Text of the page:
Objective: Our objective was to identify the determinants of anemia among rural Filipino children aged 12-71 months.
Methods: A cross-sectional survey was conducted among 2090 preschool children from 8 rural villages in Cebu, an area non-endemic for malaria and schistosomiasis. Hemoglobin (Hb) concentration was determined using a HemoCue hemoglobinometer and zinc protoporphyrin (ZPP) concentration was measured with a hematofluorometer. A 3-day non-consecutive 24-hour food recall interview with the child's primary caregiver was done to estimate the child's dietary intake. Stool analysis for presence of soil-transmitted helminths was performed through a concentration technique. A separate interview on household socio-economic status with the child's primary caregiver was conducted.
Results: Mean Hb concentration was 12.0 g/dL (SD 1.3). 16.1% were anemic. Age and sex had a significant interaction in their effect on Hb concentration. Females had higher Hb concentration between 12 to 23 months of age. Hb levels equalize between the 2 genders at around 24 months and increase with similar increments until 71 months of age. All dietary parameters improved Hb concentration with increasing intake. In the multiple regression, however, only the index for bioavailable iron and vitamin C intakes remained independent factors. None of the helminths or combination of helminths had significant effects on Hb concentration. Among the socio-economic variables, maternal educational attainment and water supply were significant independent factors. Mean ZPP concentration was 72.07 (SD 46.45) and 30.8% were iron deficient. As with Hb concentration, age and sex had a significant interaction in their effect on ZPP concentration, with females having lower ZPP levels before 24 months of age. Bioavailable iron (animal iron + 0.3*plant iron) had a significant effect on ZPP concentration at levels of at least 15% of the iron requirement. This was seen even after controlling for multivitamin supplementation.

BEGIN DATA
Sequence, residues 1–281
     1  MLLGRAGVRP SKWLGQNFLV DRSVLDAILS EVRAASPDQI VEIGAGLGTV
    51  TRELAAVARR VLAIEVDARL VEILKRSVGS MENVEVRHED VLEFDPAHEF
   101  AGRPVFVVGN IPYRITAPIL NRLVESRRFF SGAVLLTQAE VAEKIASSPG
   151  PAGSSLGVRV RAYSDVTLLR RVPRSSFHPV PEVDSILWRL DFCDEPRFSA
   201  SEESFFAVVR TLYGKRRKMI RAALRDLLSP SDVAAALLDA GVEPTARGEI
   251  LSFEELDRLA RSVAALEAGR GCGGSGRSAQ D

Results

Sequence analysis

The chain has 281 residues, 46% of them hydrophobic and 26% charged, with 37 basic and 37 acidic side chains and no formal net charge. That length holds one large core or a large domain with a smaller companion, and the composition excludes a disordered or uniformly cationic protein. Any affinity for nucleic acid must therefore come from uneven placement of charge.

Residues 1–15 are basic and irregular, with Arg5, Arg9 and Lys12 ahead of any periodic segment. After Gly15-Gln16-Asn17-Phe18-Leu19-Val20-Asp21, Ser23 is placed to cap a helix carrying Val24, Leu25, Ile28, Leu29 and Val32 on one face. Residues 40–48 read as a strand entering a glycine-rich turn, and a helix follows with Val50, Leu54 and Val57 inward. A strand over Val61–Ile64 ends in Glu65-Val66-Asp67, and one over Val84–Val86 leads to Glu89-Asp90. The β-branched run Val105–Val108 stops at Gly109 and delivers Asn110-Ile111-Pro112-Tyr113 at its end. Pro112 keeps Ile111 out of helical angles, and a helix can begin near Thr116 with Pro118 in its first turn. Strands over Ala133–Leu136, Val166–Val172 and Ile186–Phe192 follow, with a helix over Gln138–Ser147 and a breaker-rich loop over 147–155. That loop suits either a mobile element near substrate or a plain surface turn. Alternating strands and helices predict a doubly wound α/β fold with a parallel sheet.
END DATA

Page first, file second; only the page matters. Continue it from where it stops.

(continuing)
Conclusion: The control of anemia among preschoolers can be achieved through a combination of various nutritional interventions such as micronutrient supplementation, food fortification and nutrition education. Our findings emphasize the importance of a multi-sectoral approach to nutritional problems--the importance of empowering women (through engagement and education) and of maintaining a healthy physical environment (water and sanitation) are often peripheral concerns of nutritionists. Our study highlights the importance of supporting initiatives that address these issues not only for their core benefit, but also for the potential benefit to nutrition.